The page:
A Business and a Ministry - News and Weather For The Quad Cities -

A Business and a Ministry


They are devoted to a life of prayer and also manual labor. The Trappist Monks at New Melleray Abbey in Peosta, Iowa earn their living by working with their hands. The monks craft caskets.

Eighty three year old Brother Felix Leja has made hundreds of caskets since the Trappists started this business in 1999. Brother Felix entered the monastery in 1950. Leja says he puts himself in God's presence and depends on God to direct him to do the right thing.

The monks build twenty five to thirty caskets a week in the shop just down the road from the abbey. The caskets are made from pine, oak, cherry and walnut which comes from a 13 hundred acre forest nearby.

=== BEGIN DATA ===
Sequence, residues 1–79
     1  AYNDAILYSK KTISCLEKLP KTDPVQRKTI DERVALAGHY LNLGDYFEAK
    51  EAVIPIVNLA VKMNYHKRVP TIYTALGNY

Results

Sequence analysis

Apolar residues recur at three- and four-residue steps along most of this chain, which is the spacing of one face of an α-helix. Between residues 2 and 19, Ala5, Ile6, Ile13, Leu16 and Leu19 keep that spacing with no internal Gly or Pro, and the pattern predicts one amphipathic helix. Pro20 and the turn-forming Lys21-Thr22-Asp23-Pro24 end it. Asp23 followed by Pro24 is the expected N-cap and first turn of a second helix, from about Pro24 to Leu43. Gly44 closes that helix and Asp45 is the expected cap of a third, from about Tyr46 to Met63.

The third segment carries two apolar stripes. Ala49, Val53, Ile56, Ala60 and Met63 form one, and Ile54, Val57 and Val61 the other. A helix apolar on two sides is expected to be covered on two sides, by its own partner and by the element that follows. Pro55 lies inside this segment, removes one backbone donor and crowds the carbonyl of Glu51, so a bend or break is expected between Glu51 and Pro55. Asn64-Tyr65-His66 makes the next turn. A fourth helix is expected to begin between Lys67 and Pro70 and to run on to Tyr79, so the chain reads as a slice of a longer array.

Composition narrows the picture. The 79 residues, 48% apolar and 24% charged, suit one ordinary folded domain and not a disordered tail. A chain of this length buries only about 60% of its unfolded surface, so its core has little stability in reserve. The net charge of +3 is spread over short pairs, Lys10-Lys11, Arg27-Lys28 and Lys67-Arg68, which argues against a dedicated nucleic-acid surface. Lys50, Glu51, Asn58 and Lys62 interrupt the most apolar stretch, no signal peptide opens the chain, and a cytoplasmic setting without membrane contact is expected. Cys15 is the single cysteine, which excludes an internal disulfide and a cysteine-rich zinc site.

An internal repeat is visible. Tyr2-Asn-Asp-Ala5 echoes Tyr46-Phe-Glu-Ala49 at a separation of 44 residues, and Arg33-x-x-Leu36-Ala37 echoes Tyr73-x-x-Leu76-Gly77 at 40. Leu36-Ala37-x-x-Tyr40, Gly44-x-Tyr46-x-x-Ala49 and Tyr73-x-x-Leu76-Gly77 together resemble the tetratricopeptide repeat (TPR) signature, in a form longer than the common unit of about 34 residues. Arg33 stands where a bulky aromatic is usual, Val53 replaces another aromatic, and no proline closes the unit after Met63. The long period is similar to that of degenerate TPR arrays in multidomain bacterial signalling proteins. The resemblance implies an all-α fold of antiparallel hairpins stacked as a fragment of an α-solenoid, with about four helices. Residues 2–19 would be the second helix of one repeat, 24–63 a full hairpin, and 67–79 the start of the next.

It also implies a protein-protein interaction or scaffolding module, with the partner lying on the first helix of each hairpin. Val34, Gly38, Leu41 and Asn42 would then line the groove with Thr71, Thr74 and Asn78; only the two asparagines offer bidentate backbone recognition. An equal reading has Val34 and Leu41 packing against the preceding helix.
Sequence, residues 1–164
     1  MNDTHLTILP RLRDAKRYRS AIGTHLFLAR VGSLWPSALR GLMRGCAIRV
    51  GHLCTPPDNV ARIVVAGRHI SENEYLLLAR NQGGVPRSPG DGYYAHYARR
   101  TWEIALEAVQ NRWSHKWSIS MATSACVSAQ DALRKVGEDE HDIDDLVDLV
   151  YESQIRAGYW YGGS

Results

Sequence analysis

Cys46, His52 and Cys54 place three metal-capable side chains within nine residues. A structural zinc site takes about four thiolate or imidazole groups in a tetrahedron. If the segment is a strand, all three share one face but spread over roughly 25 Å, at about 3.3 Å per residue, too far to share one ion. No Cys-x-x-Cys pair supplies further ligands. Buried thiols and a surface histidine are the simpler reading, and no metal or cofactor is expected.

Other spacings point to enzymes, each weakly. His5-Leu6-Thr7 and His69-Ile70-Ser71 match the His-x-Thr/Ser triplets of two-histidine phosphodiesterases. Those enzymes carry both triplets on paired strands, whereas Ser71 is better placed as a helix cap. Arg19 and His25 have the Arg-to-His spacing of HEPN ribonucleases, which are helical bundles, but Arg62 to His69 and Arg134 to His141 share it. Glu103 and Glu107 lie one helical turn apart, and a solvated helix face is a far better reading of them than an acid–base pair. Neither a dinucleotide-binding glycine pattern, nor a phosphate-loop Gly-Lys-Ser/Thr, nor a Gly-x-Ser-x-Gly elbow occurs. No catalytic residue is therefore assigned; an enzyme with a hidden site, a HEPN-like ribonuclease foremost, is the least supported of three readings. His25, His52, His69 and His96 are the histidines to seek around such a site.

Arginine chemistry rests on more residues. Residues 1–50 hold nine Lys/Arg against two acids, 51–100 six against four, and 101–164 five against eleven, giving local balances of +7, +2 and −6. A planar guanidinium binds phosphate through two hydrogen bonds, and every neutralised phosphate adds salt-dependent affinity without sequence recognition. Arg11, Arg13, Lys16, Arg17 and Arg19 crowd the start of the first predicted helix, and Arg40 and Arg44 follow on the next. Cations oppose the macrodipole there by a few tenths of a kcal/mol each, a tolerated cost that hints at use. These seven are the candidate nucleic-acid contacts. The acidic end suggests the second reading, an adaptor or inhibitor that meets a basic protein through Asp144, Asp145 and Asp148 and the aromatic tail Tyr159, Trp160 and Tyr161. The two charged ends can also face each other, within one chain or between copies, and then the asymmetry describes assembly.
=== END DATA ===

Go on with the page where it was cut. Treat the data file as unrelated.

Thirty year old Brother Nicholas Koenig is from Geneseo. He makes urns. Brother Nicholas prays while he works, hoping that the finished product will provide comfort to those who have lost a loved one.

Brother Paul Halaburt faithfully goes about his work in the upholestery department. He puts lining in each casket.  Every casket and urn is blessed. That is an expression of peace and comfort.

The casket business is the primary source of income at New Melleray Abbey. Brother Tobias Shanahan says, to a great extent, the business has become the monks' connection to the outside world.

The monks are devoted to the Rule of Saint Benedict. That is a life of prayer and using their hands, hoping to bring a sense of peace to the families they serve.   


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